CHICAGO — Children know the difference between healthy foods and those that aren’t, claims a new study titled "Kids & Moms Consumer Trend Report (Family Attitudes and Motivations in Foodservice)" by foodservice consultant Technomic and kid-focused, brand-marketing agency C3.

Approximately nine out of 10 kids surveyed said that fresh vegetables and fresh whole fruits are healthy. Other foods named healthy by kids included salad (78%), steamed vegetables (76%) and eggs (72%). At least half said fish, cheese, chicken and peanut butter are healthy as well.

Kids today are health savvy, and the nutritional education they’ve received will impact their choices as consumers, said Darren Tristano, Technomic’s executive vice-president. "Health-halo attributes related to natural, organic, local and sustainable foods could present an opportunity in the coming years for restaurants that recognize this growing awareness on the part of young consumers," he added.

Other findings include:

  • Salads are now among the leading entrée items on kids’ menus at the top 250 full-service restaurants. They primarily appeal to kids at the higher end of the kids’ menu age range.
  • Kids ages 10 to 12 have different meal preferences than younger children. When given the opportunity to "build a meal," older kids are far more likely than younger ones to choose steak, seafood and salads. Children age nine and under prefer chicken fingers, pizza and French fries.
  • Aside from the growth of healthy side-item options, much of the development around healthier fare is in kids’ beverage selections and in increasing the number of items described as organic or natural.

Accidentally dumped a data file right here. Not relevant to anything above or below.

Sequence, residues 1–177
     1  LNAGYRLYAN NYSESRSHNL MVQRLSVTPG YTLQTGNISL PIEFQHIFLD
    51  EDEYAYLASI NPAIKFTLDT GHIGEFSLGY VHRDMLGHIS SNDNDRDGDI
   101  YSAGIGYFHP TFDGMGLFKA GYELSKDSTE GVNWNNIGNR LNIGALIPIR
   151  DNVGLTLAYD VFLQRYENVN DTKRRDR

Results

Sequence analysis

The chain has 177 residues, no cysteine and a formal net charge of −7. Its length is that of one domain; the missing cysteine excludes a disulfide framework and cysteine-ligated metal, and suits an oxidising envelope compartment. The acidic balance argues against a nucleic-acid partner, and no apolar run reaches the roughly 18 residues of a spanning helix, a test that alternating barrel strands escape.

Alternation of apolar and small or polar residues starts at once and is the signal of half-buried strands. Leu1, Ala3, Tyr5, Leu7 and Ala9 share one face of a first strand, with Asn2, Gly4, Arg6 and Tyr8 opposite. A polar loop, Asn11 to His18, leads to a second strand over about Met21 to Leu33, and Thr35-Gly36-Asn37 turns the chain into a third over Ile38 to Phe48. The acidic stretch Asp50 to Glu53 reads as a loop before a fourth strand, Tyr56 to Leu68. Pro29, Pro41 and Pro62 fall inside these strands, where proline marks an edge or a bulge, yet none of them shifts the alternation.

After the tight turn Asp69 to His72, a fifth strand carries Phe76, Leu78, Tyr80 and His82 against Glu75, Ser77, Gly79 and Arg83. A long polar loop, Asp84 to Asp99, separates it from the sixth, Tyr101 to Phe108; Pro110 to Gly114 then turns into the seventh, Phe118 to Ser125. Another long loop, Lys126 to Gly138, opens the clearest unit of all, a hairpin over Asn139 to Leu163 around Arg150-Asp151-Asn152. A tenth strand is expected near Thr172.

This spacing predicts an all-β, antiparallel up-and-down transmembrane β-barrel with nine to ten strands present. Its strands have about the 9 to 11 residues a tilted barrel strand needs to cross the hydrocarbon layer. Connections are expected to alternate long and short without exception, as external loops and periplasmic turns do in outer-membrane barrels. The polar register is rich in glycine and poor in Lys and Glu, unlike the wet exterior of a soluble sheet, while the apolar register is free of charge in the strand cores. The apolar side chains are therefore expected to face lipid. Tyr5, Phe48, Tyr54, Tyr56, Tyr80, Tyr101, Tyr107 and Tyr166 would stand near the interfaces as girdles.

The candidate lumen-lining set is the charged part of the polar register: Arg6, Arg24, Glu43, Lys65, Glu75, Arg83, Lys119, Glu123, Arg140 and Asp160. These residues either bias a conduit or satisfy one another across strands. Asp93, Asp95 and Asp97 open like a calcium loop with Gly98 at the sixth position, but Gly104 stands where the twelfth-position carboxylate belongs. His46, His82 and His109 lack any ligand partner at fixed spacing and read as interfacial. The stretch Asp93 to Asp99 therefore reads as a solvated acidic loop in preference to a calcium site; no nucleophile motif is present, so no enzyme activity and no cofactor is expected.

Fast-casual and family-style restaurants overall were perceived by moms to be less kid-friendly than quick-service restaurants. In the quick-service segment, Chick-fil-A and McDonald’s rated excellent along most kid-related attributes. Fuddrucker’s was the only fast-casual brand to be considered kid-friendly by about half of moms (48%). Applebee’s was recognized as the most kid-friendly restaurant in the family-style format.

Consistent food quality, restaurant cleanliness, value and consistently good service are the key elements in the brand decision for moms across all restaurant segments. "Especially in the current marketplace, it is more important than ever to know your target audience," said Randy Jordan, C3 president. "By understanding today’s kids and families and what motivates their dining-out decisions and how that has changed over the last several years, restaurants and foodservice operators can adapt and develop strategies that satisfy their motivations."

The new study was designed to help restaurant operators and suppliers understand dining behavior, attitudes and preferences of moms and their children. The report was developed using data gathered in a May survey of 1,500 moms and 1,200 kids ages six to 12.